_     % Variable initialized to STDIN. Implied
&&      % Boolean AND
[     % Sequence
{   % Block; used to calculate future entries in a sequence
1 % Literal one
}   % End block. Implied
]     % End sequence. Implied

• One more answer and I'm going to learn Arn. – null Aug 21 at 13:59
• ;) haha, like your esolang 1+ a lot too – ZippyMagician Aug 21 at 14:00
• (Although, common mistake is I created 1+ - Parcly Taxel created it.) – null Aug 21 at 14:01
• Oh wow, you use it so much I assumed it was yours haha. Apologies to the creator then. – ZippyMagician Aug 21 at 14:03

# Poetic, 137 bytes

TRUTHFUL MACHINE
A:I=true,O=false
B:get a number or get a value
C:if falsy,a zero
D:if truthy,a one
D.a:repeat it if value=I
E:suspend it


Try it online!

# Lua For windows, 70 bytes

Use lua for windows for this

I=io.read() If I=="1" then while 1 do print"1" end elseif print"0" end


This program works because it takes a 0 or 1 from stdin then if it's a one it makes a while loop that prints one if it's a 0 it prints 0 then the program ends

• Does this rely on functionality specific to Windows? Why couldn't this be run with Lua on other systems? – Alex A. Nov 4 '15 at 3:16
• This could be shorter if you just called If io.read()=="1" instead of assigning it to an alias. – James Murphy Nov 4 '15 at 5:41

## Ceylon, 91 88 bytes

Improved (explanation at the end):

shared void run()=>("0"<(process.readLine()else"")then{1}.cycled else{0}).each(print);

This was the original (91 bytes):

shared void run(){if("0"<(process.readLine()else"")){while(0<1){print(1);}}else{print(0);}}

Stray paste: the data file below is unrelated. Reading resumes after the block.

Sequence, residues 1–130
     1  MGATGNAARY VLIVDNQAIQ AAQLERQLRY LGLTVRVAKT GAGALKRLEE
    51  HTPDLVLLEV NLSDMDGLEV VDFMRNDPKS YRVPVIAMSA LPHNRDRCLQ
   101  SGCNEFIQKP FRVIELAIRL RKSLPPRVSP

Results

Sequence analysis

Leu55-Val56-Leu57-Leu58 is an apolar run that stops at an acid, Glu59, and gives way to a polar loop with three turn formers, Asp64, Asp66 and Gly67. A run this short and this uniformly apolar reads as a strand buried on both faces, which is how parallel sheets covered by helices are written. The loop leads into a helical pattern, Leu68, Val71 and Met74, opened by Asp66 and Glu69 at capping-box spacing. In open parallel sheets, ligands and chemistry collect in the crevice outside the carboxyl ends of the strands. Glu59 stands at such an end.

Unfortunately the most part goes to reading the input and making sure it is defined.

shared void run() {
while(0<1) {
print(1);
}
} else {
print(0);
}
}


I merged this null check (in the else "" form) with the decision into one if, so when the input is ended without a line being read, it also prints 0. Also, any string sorting less than "0" lexicographically prints 0, and any string lexicographically > "0" will produce the 1-loop.

The 0<1 is used instead of true because it is shorter.

Here is a functional approach, unfortunately it can't compete (107 bytes after whitespace removal) due to the length of parseInteger:

shared void run() {
value i = parseInteger(process.readLine() else "") else 0;
(1:i).cycled.follow(i).each(print);
}


It cycles a range starting at 1 of length i (i.e. either {} or {1}), resulting in {} or {1,1,1,1,...}, prepends i (which results in {0} or {1,1,1,1,1,1,...}), and prints each element.

A different functional approach without variables and parsing is this one (88 bytes, shrinked version at the top):

shared void run() =>
("0" < (process.readLine() else "") then
{ 1 }.cycled else { 0 }).each(print);


This does the case distinction in an expression, using the then and else operators to produce either the {1,1,1,...} stream or the {0} singleton, and then calls print(...) on each element of that stream.

## C#, 120 98 bytes

using c=System.Console;class o{static void Main(){if(c.Read()=='1')for(;;c.Write(1));c.Write(0);}}


Ungolfed:

using c=System.Console;
class o
{
static void Main()
{
for(;;c.Write(1));
c.Write(0);
}
}

• 2-byte gain: int a=c.Read();do c.Write(a-48);while(a>48); – LegionMammal978 Dec 6 '15 at 16:10
• 95 bytes based on @LegionMammal978 answer using c=System.Console;class P{static void Main(){int a=c.Read()-48;do c.Write(a);while(a>0);}} – krontogiannis Aug 29 '16 at 10:26

## x86 (Linux / NASM syntax), 86 bytes

mov dx,1              ; 3rd argument to read(): length of buffer
mov ecx,esp           ; 2nd argument to read(): the buffer

Compile with nasm -f elf h.asm && ld -o h h.o -m elf_i386 and ignore all warnings. :-)